Why should you read the books ahead of time?
- Know what's in the books: There's nothing worse than reading a book to a group of interested kids and turning the page to find a topic that you don't want to broach. For example, some books about pirates discuss human trafficking. This is probably not a topic you planned on bringing up during your fun pirate Read-Aloud. If you still want to use a book with less desirable parts, paper clip together the pages you'd like to skip so the kids don't notice and be sure to alert your teammates.
- Get tips from the author: Many picture books are written with the express purpose of being read aloud. The authors include keys to readers such as text in all caps or italics to indicate that these words should be read loud or in a special voice. These hints can also indicate an action like "BOOM, BOOM, BOOM" to indicate stomping or "SNIFF! SNIFF! SNIFF!" for sniffing from The Little Mouse, The Red Ripe Strawberry, and the Big Hungry Bear. Reading through the story in advance allows you to find these special parts and know how to read them aloud.
- Find hidden treasures: Reading through the books in advance lets you examine the illustrations and overall design. Look for details or patterns in the pictures to spark the kids' interest. Some design features, such as page breaks, support getting the kids to predict what will happen next. When a sentence leaves you hanging as you turn the page, pause and let the kids predict.
- Link activities to the books: In Harry Potter Mr. Olivander says, "The wand chooses the wizard." At Read-Alouds, sometimes the book chooses the activity! When you read a book in advance, you allow it to drop the activity into your hands. For example, if you read How I Became a Pirate by David Shannon, make a treasure map like the character Jeremy Jacob does. This will allow the kids make a concrete connection between what's in the book and the real world.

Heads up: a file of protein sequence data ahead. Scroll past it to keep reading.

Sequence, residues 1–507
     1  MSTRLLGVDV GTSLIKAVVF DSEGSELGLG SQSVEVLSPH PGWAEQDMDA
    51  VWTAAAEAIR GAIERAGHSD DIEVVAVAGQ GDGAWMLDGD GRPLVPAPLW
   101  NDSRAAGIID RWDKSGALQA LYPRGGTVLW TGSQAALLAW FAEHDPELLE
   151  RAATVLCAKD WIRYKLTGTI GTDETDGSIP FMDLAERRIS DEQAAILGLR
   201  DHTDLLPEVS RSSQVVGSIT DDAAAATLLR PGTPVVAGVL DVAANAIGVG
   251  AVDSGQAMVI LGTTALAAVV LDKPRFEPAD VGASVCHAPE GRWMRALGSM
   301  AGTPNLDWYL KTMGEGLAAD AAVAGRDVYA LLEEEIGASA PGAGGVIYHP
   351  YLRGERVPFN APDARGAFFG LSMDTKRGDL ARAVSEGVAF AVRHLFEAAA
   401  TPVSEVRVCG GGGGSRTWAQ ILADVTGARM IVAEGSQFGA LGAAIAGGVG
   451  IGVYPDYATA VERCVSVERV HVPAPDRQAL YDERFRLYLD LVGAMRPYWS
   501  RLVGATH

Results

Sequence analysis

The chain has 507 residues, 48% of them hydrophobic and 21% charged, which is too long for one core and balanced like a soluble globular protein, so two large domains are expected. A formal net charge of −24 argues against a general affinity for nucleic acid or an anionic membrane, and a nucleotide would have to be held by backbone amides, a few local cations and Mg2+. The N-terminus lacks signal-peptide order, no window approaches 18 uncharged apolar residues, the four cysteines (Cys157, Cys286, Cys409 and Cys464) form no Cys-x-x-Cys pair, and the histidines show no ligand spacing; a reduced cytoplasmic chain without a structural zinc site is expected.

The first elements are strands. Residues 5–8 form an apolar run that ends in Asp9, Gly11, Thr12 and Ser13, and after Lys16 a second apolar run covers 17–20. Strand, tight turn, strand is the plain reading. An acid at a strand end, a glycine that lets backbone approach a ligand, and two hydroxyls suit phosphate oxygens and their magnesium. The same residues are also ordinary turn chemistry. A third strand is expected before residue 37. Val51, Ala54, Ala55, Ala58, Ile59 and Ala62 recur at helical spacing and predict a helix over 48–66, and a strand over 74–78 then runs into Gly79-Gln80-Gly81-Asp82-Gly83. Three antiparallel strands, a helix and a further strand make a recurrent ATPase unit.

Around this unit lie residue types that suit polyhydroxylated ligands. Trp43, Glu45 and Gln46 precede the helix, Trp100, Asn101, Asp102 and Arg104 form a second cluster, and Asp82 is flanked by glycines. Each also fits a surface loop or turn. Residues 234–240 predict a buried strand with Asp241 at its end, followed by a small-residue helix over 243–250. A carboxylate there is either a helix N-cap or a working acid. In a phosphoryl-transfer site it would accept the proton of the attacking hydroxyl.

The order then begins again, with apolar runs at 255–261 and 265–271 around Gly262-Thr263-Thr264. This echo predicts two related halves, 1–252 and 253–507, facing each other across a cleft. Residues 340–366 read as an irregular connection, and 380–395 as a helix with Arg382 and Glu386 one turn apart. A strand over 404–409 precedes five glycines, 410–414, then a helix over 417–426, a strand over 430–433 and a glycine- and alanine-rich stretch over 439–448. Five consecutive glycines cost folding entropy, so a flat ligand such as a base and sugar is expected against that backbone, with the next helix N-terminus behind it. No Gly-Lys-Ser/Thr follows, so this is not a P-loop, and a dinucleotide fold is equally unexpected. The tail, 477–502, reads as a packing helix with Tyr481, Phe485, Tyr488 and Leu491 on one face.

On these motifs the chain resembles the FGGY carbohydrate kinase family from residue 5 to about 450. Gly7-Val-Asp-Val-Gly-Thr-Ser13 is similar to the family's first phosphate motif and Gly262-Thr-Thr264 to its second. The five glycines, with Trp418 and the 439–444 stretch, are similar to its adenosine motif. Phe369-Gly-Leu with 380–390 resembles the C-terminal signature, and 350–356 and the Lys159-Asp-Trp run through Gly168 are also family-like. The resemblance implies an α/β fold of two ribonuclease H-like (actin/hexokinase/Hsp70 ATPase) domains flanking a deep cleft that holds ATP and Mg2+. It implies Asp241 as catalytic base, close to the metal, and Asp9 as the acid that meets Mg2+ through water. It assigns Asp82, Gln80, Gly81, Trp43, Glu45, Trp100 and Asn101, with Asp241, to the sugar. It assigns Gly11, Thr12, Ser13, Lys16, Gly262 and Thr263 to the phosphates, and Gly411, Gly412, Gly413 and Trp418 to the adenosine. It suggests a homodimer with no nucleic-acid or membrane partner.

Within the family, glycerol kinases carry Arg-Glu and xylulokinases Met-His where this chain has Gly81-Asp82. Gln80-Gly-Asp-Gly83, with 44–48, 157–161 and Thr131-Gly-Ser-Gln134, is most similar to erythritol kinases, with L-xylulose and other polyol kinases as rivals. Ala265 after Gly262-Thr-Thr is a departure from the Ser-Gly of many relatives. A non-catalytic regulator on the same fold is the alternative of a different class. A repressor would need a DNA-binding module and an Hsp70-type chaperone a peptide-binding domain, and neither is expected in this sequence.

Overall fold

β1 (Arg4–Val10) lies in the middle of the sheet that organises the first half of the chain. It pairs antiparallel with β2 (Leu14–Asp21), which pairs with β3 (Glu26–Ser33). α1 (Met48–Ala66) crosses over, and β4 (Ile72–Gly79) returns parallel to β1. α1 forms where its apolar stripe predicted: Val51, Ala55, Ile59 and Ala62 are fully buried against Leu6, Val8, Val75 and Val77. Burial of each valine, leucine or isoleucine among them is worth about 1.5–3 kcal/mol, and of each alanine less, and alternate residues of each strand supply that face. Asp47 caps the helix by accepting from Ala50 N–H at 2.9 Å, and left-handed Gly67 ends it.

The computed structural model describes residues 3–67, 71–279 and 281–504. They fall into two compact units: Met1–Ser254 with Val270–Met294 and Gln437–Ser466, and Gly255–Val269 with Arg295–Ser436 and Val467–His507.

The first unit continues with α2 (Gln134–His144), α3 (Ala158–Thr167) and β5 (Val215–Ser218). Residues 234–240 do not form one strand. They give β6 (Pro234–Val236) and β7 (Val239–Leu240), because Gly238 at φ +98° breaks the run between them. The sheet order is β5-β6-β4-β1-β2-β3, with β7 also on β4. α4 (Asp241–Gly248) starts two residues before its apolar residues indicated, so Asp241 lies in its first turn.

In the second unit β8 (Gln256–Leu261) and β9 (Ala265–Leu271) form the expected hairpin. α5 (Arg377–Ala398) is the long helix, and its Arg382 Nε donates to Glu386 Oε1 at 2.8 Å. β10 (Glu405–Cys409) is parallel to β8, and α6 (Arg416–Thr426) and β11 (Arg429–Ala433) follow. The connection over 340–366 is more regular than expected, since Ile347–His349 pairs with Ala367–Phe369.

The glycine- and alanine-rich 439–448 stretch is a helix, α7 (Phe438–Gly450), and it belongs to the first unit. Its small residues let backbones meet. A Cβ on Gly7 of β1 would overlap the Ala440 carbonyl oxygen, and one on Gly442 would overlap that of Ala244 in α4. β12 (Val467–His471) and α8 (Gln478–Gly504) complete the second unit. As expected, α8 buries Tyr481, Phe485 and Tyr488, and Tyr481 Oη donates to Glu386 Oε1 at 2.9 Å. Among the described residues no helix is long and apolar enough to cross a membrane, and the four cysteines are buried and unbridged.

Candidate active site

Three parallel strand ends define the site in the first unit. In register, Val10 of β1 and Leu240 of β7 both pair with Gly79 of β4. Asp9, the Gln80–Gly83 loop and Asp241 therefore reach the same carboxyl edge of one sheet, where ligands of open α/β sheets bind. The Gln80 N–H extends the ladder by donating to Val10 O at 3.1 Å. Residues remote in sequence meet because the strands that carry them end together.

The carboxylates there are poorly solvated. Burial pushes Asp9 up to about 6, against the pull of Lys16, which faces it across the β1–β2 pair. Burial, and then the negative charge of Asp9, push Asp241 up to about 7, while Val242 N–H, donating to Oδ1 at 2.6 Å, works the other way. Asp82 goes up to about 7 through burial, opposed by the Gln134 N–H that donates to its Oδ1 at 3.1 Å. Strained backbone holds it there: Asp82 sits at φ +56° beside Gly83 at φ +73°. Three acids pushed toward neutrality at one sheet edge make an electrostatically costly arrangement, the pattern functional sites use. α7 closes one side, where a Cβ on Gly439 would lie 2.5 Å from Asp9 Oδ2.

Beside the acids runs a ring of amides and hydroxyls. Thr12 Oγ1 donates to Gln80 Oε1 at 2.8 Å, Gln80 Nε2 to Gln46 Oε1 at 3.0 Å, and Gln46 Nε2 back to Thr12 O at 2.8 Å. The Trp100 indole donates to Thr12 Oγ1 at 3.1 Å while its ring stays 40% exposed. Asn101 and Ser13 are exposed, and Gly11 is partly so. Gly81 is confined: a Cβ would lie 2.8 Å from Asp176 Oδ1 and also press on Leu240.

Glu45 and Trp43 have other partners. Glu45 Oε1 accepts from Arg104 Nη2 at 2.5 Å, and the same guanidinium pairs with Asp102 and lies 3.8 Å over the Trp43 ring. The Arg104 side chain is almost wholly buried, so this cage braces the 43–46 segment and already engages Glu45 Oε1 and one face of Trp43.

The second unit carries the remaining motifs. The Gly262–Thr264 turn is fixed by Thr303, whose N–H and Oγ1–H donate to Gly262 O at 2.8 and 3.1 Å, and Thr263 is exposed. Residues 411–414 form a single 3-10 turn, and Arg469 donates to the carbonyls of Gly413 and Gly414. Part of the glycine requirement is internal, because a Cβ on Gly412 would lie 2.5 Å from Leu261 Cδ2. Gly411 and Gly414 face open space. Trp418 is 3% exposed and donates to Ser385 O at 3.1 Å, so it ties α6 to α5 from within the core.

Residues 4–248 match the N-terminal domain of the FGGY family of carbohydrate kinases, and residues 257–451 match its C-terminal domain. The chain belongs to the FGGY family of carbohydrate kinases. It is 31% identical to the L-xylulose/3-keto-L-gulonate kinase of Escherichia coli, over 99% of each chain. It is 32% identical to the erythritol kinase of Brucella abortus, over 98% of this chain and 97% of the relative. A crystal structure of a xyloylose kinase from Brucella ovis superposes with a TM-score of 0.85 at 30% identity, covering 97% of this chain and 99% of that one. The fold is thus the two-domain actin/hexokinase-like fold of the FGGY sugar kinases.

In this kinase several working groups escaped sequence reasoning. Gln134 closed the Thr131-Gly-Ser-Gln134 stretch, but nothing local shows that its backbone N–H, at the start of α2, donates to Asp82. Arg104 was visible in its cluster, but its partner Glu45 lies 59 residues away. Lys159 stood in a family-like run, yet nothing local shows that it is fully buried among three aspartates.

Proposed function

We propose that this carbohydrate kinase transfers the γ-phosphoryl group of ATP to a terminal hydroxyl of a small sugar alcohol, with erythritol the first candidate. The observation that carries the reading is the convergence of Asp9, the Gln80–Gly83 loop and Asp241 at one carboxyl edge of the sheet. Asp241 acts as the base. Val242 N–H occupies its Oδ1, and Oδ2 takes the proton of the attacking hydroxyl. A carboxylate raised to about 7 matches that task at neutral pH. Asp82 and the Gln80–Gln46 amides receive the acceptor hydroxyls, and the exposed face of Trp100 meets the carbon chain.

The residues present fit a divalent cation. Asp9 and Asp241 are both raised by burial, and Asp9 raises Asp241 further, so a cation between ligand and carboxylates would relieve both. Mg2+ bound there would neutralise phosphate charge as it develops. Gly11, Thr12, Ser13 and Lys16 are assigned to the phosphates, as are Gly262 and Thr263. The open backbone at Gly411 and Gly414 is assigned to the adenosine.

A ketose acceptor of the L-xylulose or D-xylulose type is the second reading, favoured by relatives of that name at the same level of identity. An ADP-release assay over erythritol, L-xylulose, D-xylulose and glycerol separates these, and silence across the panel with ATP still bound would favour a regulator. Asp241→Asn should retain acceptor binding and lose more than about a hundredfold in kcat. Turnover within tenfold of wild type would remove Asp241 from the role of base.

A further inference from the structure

What is the best way for your team to be prepared?
- One team at ALIVE! House recommends that everyone on the team bring some books on the theme to the Read-Aloud. This way, each person is familiar with the books he/she brought and is prepared to read them to the group. This also facilitates small group reading by providing more books to use.
- A volunteer at ARHA who usually brings the books for her team solves this problem by reading the books in advance and then putting sticky notes inside the books for other readers to reference. Her teammates arrive to the Read-Aloud a few minutes early, flip through the books and read the notes so they are prepared to read to the group.
Does your team have other ideas? Share them in the comments below.
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